ALBANY, Ga.-Cooper Tire & Rubber Co., a neophyte in the production of all-steel medium radial truck tires, is coming of age in this segment. The Findlay, Ohio-based tire maker, which first began making its own medium radial truck tires in 1993, will hike production of them to 670 units a day by July, up from 450.
Beyond this, plans call for eventually boosting capacity to 1,300 tires a day in Albany-depending on demand, said John Fahl, president of Cooper's tire division.
Cooper got a late start in manufacturing the highly technical all-steel medium truck radials, admitted Chairman Patrick W. Rooney, and was a good 15 years behind the competition when it entered this tire category.
But the firm has moved rapidly to boost production and develop what it claims is a line that equals the industry's best.
``There was no time for trial and error,'' Mr. Rooney said, once the company decided to make its own medium radial truck tires. ``It was a case that we had to hit the market with a product that performed, and performed in comparison with those competitors that have had the product on the market for many years.''
Early on, Cooper said it experienced irregular wear problems with the tires. But after making significant construction changes to them, ``we have had no durability problems,'' said D. Richard Stephens, vice president technical.
``We think the product has excellent durability, is retreadable, provides long tread life, with even wear,'' he said. ``It's an excellent over-the-highway tire.''
Cooper is making three all-steel medium radial truck tires in Albany-the CXML 440 drive tire and the CT 240 free-rolling tire, both available in four sizes, and the CXMT 340 rib highway tire in seven sizes. More sizes probably will be added in late 1995 or early 1996, Mr. Rooney said.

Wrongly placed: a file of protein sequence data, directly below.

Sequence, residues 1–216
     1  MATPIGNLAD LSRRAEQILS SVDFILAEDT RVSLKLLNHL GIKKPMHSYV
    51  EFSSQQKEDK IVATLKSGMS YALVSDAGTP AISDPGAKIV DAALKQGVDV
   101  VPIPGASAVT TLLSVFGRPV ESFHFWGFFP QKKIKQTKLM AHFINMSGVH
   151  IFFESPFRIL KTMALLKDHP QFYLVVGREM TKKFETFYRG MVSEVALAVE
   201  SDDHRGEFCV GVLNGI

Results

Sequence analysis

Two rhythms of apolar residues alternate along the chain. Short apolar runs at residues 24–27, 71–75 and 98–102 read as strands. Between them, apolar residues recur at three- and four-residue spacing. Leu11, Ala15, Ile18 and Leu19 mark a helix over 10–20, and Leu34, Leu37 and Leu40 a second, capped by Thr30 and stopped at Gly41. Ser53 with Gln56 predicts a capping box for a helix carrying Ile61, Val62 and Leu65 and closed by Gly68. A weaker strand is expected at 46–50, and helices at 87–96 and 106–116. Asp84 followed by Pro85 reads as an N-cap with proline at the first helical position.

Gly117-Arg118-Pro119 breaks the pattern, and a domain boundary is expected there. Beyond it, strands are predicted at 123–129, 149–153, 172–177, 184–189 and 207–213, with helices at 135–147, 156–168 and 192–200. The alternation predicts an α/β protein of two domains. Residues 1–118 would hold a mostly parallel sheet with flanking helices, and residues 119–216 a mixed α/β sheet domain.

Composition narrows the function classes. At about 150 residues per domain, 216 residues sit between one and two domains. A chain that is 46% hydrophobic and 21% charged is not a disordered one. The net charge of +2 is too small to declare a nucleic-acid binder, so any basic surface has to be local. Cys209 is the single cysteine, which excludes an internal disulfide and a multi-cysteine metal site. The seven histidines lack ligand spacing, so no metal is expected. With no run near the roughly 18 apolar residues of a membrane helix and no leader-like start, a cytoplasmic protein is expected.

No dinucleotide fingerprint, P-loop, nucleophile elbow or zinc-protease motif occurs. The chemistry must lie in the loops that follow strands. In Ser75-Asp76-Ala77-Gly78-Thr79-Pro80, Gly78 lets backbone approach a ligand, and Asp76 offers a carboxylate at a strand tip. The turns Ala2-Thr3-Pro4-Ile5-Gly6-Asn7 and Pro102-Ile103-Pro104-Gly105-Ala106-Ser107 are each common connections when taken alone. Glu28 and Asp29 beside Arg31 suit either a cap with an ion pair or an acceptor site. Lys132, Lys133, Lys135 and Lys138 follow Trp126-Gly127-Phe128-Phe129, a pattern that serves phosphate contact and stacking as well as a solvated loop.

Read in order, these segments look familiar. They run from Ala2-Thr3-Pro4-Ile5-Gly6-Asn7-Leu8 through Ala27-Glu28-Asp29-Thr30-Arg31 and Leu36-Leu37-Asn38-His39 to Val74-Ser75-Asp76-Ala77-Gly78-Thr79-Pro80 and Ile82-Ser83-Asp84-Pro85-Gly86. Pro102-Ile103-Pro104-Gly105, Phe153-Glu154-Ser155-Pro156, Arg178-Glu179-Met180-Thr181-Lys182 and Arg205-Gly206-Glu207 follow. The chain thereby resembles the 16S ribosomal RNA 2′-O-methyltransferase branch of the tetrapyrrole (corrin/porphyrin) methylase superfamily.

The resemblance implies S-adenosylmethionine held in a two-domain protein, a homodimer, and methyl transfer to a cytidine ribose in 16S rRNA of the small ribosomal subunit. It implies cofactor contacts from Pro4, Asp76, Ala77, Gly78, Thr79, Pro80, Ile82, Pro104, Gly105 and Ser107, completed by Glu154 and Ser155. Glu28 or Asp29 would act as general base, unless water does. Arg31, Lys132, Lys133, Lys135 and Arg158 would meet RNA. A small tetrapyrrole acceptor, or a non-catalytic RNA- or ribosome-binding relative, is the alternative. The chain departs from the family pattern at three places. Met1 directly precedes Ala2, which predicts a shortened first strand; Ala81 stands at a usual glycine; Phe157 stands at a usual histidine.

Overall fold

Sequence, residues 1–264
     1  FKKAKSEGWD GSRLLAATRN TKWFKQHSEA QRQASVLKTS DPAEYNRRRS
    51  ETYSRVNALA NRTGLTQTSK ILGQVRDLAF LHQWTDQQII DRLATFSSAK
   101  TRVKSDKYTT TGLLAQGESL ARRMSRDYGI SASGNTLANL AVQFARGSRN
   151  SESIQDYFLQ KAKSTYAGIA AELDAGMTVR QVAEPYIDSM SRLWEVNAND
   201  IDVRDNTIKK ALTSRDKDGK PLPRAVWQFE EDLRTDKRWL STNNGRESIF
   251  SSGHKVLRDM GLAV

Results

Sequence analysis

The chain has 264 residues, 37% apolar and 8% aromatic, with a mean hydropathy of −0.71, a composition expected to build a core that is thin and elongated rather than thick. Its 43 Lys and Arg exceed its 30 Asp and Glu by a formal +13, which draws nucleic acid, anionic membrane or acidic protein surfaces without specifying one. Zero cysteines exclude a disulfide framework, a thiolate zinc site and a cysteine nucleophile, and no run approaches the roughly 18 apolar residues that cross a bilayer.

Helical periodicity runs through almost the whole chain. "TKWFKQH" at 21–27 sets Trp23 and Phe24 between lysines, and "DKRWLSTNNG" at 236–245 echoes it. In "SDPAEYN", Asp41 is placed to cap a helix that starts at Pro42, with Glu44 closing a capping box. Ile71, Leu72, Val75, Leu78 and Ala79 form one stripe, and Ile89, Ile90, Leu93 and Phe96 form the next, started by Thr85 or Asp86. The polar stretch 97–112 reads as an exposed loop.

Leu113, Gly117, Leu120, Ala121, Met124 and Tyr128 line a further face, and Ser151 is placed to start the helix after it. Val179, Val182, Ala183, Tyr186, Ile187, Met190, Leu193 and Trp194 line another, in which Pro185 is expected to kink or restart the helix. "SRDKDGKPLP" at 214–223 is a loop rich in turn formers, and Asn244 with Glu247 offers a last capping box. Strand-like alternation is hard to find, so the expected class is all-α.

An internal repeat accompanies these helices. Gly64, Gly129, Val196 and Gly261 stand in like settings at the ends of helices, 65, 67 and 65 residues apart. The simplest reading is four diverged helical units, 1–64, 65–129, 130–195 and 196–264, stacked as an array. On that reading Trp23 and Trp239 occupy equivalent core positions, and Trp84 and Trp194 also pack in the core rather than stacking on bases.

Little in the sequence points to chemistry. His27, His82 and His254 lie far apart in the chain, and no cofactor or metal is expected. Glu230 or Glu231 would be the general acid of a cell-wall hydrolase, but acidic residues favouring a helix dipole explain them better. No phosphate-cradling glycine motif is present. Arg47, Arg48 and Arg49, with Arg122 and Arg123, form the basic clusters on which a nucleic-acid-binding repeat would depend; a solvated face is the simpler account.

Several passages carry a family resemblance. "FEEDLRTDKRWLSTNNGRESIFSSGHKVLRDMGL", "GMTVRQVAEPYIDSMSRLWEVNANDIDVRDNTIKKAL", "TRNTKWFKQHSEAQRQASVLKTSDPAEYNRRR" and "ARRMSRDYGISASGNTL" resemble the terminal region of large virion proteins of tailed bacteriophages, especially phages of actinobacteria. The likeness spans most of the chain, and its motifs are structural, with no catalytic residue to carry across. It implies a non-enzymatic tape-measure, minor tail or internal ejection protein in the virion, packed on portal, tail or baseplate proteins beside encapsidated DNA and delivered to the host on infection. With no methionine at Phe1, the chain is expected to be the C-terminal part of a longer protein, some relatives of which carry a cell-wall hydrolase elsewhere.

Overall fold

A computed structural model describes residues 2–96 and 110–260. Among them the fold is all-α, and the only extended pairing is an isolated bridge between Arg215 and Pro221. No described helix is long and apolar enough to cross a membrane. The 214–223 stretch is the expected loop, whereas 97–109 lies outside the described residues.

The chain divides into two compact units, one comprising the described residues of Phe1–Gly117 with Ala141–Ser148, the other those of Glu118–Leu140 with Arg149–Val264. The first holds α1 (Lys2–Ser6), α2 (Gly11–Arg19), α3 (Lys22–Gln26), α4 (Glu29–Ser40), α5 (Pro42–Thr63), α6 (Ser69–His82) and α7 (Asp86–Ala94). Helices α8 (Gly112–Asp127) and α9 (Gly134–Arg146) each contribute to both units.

Prior to initiating its own production of medium truck radials, Cooper contracted to have them made by two other tire makers-Yokohama Rubber Co. Ltd. in Japan from 1980-89, and Kumho & Co. Inc. in South Korea from 1990-93.
For years, Cooper has made its own bias medium truck tires and also makes two lines of heavy-duty all-steel radial light truck tires.
Mr. Rooney said Cooper entered the all-steel medium radial truck tire business to enhance the firm's position with its primary customers-independent tire dealers.
``Our feeling is, we as a company needed to address the issue of medium radial truck tires in order to supply our dealers with a complete program,'' he said. ``We wanted, I guess, a sort of a one-stop shopping philosophy.''
Beyond that, Cooper wanted to keep other tire makers from getting a foot in the door with its customers. ``If you have the ability to satisfy all (the dealer's) needs in those areas, you possibly can keep it so the competition doesn't take your passenger tire business and small truck,'' Mr. Rooney said.
Cooper is building its all-steel medium radial truck tires exclusively at its sprawling 1.8 million-sq.-ft. facility in Albany-an abandoned Firestone plant the company bought in 1990.
That plant, which Cooper acquired for expansion purposes, also makes 10,500 passenger radials and 350 all-steel LT tires daily. And there's room to grow.
As medium truck radial production revs up, Mr. Rooney said the company's focus is on meeting the needs of its house brands, primarily Cooper and Mastercraft.
Cooper, he added, has no plans to seek major long haul freight line or national account business.
Nor does Cooper have illusions of overtaking the industry's leaders in medium radial truck tires.
``We're never going to be the biggest in this business,'' Mr. Rooney said. ``But we're planning on being one of the best.''